Published on Tuesday, February 5, 2013
A passenger whose wife died after she was unable to board a flight home because she had apparently put on too much weight during her holiday has filed a law suit against Delta, KLM and Lufthansa.
Lawyers acting on behalf of Janos Soltesz are accusing the airlines of gross negligence.
Vilma Soltesz, who weighed over 400 pounds, had one leg and used a wheelchair, had flown to her native Hungary from the US on Delta and KLM. She had apparently gained additional weight while in Hungary and was unable to board her Delta/KLM flight home for medical treatment for kidney problems and diabetes because the aircraft did not have a large enough seat extension.
The couple were allegedly told to drive to Prague to try and board another flight that did have seat extensions. Once in Prague, Soltesz could not be transferred to the flight because equipment could not be found to hold her weight.
Their US travel agent found them another flight with Lufthansa, via Frankfurt, but the aircraft had the same issue and could not transfer Soltesz into the aircraft. A local fire crew were brought in to help, but they were unable to lift her from her wheelchair.
Soltesz died while waiting in Prague to board another flight.
Delta, KLM and Lufthansa issued statements explaining their reasons for being unable to accommodate her.
Lufthansa said: "Lufthansa, together with its local partners, fire brigade and technical experts at Budapest Airport, tried its utmost to accommodate this passenger on board our flight from Budapest.
"After several, time consuming attempts it was decided that for the safety of this passenger and the over 140 fellow passengers, Lufthansa had to deny transportation of the passenger. Safe and reliable operations are Lufthansa's paramount priorities at all times."
Delta said,:"Delta and KLM did everything possible to assist the family. When KLM was unable to safely board Mrs Soltesz in Budapest, it was determined she might be able to fly on the larger Delta aircraft out of Prague, but unfortunately that was not the case.
"Our records indicate Delta staff in Prague made repeated attempts for nearly an hour to board the customer, but they were unable to get her onboard the aircraft."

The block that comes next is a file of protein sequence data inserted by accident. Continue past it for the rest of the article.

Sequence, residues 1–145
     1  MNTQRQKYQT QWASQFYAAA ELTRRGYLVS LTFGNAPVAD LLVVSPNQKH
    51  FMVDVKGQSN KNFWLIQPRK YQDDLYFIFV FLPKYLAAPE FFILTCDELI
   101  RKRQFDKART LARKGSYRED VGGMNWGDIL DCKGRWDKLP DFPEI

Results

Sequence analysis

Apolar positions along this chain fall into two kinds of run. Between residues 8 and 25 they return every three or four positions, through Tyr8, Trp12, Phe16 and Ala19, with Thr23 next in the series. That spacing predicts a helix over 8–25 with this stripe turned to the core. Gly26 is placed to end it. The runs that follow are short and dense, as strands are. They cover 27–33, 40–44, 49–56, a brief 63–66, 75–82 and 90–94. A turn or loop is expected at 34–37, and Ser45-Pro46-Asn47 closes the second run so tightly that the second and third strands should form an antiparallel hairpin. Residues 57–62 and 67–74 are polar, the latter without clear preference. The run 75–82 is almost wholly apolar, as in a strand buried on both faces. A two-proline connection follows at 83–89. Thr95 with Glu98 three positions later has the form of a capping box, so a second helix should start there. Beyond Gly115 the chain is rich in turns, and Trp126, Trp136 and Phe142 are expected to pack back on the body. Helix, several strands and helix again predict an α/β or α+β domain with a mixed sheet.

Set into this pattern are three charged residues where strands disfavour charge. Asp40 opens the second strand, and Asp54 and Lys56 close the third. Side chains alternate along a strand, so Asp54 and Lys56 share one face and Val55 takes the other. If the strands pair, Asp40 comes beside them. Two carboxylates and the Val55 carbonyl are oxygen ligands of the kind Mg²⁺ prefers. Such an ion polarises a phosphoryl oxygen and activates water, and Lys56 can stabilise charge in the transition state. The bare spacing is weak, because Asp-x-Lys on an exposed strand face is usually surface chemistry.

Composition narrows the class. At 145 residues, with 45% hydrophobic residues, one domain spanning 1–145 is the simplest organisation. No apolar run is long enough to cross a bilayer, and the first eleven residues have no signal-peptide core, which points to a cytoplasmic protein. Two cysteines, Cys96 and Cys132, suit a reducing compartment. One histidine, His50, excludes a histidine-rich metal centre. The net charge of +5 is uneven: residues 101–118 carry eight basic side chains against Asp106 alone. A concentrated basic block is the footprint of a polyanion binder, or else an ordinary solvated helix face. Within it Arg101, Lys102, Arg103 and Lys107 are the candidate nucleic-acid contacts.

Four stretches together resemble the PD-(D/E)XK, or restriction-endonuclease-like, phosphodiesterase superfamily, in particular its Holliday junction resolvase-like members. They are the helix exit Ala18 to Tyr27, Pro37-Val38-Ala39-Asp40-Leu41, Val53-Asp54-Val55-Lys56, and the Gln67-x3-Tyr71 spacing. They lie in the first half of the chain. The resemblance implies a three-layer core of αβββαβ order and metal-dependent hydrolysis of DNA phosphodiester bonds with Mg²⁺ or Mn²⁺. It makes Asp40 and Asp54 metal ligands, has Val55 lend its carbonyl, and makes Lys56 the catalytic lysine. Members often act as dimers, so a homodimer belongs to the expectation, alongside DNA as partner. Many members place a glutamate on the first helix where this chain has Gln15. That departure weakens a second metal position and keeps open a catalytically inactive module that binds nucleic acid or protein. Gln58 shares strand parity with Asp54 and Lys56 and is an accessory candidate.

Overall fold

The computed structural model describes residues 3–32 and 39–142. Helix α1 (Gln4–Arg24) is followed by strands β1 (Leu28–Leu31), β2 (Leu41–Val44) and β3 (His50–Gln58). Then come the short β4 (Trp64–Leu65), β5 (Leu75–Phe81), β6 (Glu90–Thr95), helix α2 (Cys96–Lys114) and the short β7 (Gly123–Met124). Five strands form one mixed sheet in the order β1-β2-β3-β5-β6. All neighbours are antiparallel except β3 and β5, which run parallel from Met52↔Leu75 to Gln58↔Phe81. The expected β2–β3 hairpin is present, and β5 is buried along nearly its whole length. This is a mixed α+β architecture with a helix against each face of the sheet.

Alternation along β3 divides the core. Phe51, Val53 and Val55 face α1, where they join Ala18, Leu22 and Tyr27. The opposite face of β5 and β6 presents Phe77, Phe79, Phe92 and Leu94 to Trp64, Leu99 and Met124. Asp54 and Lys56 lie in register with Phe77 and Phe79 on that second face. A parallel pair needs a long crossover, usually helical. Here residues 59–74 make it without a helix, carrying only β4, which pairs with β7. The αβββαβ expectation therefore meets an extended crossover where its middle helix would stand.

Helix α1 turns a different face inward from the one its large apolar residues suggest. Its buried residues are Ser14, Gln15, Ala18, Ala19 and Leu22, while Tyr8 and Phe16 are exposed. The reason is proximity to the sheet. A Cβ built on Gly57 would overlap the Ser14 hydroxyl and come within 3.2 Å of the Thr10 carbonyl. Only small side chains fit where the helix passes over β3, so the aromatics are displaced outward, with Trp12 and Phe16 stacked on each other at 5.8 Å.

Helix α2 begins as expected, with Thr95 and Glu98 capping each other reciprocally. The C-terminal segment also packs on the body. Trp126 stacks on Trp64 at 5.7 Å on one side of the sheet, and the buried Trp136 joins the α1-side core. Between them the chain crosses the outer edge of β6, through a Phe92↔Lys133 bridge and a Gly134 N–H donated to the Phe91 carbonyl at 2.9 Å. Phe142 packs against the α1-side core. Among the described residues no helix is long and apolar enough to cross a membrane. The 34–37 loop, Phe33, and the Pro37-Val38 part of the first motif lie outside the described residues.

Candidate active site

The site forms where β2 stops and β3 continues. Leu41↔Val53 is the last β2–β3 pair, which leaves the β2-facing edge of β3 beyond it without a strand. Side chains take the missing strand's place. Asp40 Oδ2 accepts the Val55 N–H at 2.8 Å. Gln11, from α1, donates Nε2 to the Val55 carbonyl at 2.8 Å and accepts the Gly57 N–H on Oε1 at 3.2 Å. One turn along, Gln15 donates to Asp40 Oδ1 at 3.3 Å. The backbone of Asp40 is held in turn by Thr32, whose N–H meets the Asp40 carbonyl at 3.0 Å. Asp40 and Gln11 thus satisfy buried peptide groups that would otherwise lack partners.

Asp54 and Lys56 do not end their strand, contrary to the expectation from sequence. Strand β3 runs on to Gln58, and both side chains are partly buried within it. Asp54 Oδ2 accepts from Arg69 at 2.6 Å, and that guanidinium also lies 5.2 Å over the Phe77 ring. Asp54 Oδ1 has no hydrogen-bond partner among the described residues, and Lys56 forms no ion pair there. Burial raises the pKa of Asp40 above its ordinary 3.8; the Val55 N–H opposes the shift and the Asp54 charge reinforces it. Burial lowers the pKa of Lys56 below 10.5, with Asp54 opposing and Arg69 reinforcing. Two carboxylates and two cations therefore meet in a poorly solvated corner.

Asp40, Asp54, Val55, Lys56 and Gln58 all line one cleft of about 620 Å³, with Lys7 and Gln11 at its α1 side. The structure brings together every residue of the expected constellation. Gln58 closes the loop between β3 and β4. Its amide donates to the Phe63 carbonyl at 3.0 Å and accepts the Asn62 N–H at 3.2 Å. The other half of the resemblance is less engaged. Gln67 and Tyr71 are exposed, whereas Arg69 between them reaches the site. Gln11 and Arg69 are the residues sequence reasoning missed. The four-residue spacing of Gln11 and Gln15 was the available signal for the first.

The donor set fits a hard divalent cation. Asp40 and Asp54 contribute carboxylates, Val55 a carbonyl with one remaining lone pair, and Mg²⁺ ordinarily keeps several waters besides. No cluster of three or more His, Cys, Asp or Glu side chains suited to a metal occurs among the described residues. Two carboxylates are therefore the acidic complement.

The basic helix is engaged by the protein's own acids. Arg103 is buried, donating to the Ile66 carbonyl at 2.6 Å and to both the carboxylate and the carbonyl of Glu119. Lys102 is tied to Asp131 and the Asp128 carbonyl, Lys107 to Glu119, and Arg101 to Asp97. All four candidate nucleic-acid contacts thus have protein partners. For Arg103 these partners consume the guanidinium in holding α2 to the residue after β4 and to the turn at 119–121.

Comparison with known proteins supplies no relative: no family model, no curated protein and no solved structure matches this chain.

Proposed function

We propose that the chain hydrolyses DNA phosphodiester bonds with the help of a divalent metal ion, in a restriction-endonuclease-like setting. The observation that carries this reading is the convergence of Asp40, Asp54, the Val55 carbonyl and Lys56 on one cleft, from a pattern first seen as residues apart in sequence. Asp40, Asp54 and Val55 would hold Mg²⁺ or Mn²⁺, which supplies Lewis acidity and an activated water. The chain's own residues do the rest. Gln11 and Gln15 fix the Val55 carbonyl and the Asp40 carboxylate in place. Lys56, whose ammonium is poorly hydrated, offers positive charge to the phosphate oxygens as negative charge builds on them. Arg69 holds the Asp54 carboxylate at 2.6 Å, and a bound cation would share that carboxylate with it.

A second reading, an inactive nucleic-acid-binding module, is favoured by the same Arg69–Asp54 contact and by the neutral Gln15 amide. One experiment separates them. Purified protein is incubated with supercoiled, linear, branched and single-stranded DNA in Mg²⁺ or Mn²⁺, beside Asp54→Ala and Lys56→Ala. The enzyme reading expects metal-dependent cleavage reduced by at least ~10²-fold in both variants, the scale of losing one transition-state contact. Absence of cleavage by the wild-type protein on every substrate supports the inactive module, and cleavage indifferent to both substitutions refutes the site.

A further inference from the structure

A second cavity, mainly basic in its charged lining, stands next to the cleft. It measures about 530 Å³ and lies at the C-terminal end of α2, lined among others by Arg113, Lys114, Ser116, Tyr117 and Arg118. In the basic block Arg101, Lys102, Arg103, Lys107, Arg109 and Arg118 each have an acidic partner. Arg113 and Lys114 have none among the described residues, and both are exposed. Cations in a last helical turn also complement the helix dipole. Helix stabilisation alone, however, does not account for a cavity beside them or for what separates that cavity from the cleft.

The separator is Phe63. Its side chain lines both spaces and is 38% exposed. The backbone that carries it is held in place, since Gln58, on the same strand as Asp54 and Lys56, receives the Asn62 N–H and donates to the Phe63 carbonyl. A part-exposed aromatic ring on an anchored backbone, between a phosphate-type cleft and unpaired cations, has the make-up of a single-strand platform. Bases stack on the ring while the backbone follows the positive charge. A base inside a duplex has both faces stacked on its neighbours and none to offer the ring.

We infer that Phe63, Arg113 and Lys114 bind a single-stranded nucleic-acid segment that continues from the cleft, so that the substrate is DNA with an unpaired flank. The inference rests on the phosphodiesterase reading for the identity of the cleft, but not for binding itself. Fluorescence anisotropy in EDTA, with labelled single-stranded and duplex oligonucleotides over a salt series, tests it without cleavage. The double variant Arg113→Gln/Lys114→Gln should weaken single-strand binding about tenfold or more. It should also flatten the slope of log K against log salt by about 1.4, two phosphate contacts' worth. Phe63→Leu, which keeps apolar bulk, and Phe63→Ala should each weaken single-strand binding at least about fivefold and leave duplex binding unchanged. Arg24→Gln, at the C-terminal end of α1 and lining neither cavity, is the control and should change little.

The lawsuit, filed by the Manhattan lawfirm of Ronai and Ronai, alleges various counts of gross negligence, recklessness and willful misconduct in the boarding and disembarking of Soltesz.
Attorney Holly Ostrov Ronai said: "The airlines were informed well in advance of Vilma's condition and undertook a duty to get Vilma home. In forcing her to go from airline to airline, get on and off several planes and drive to another airport in a different country, the airlines not only failed in their duty to get her home, but gravely injured her.
"What is quite telling is that Mr. Soltesz had a tiny little Suzuki car and was forced to drive his wife from the Budapest airport to the airport in Prague. He got Vilma into his tiny little car all by himself, yet the airlines couldn't manage to get Vilma into a huge aircraft."
Attorney Peter Ronai added: "Vilma Soltesz' death was completely preventable. She died because the airlines simply did not want to be bothered or inconvenienced.
"They merely needed to have the proper standard equipment, such as a skylift and wheelchair, to get her onboard and seated, but instead they shirked their responsibility and passed the buck."
The lawsuit, which was filed on Monday in federal court in Manhattan, will be served on the defendant airlines within the next two weeks.
Delta Airlines spokesman Russell Cason said: "We believe the suit is entirely without merit. After the operating carrier in Budapest was physically unable to board Mrs. Soltesz on its flight, and despite a determined good-faith effort by Delta in Prague, we were also physically unable to board her on our aircraft on Oct. 16. Delta employees did everything possible to assist the Soltesz family with their travel, but unfortunately Mrs. Soltesz' physical condition was such that she was unable to be boarded on the aircraft."
By TravelMole US editor Gretchen Kelly
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